An Organized Workspace for Learners with Special Needs?
Why is it so important to teach our learners with special needs how to organize their learning space and keep it clean? Anxiety. Plain and simple. When a workspace is disorganized, messy, and unclean, the learner has the potential of becoming anxious, stressed, and could even decide to give up before they begin. So, it is up to us as parents and teachers to help teach our children how to organize their learning areas and keep it clean.
Tip 1: Have a physical space for each item.
Start with having a desk that fits the learner’s size and needs. Nothing too small. It needs to fit their bodies and the number of items they choose to put on their desk. They need to have a pencil/pen caddy, a place for figits, and even a tray for books or papers. You can label each item with words or a picture so that when it is time to clean up, they know exactly where everything goes. You can even use shoebox bins with visuals on the outside to hold various learning items.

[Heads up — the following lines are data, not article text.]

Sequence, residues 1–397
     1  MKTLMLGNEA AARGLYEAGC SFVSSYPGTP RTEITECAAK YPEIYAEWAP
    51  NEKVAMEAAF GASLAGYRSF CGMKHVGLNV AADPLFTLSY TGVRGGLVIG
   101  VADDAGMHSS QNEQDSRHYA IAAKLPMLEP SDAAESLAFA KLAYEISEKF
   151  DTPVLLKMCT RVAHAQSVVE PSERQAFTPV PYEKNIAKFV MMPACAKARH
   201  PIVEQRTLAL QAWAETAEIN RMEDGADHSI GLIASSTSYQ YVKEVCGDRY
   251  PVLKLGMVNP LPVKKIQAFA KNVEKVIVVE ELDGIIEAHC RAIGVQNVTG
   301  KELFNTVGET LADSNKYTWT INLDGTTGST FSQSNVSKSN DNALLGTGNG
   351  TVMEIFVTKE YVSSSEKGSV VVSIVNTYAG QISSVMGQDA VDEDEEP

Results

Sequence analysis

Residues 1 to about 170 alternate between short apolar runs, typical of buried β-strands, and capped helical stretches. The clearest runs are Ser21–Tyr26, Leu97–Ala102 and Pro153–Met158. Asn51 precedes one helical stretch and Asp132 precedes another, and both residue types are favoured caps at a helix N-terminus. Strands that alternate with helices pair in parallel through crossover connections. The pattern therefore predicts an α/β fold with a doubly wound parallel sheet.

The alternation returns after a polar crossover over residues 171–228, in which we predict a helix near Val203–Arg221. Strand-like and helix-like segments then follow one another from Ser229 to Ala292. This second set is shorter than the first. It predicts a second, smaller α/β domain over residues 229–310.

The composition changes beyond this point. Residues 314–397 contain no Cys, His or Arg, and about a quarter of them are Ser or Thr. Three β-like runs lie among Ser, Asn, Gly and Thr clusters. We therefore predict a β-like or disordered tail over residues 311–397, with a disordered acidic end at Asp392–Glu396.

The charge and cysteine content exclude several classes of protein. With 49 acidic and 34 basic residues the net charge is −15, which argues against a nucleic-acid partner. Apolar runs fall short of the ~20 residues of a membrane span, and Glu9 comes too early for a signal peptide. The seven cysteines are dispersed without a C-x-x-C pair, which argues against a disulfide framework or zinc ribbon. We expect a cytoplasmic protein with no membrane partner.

Tip 2: Have a quiet space with minimal distractions.
We know that many times our learners with special needs have sensory sensitivities and require just the right space to work in. You know your child and their needs. Find a quiet space, where they can focus. Be careful about smells, sounds, and sights that could be distracting. We want to make the right environment for their needs.
Tip 3: Use a written/visual schedule.
Using a written and/or visual schedule can keep your child organized during work time. These types of schedule use written words and/or pictures to tell the child what comes next. You can use paper, a white board, or even laminated cardstock paper. Once a task was completed, the child would simply mark it off the list. An example of a work schedule could look like this:
9:00 – 9:10 Read for 10 minutes
9:10 – 9:15 break
9:15 – 9:30 Math practice
9:30 – 9:35 break
9:35 – 9:50 phonics practice
9:50 – 10:00 break
Here is another learning schedule to visualize.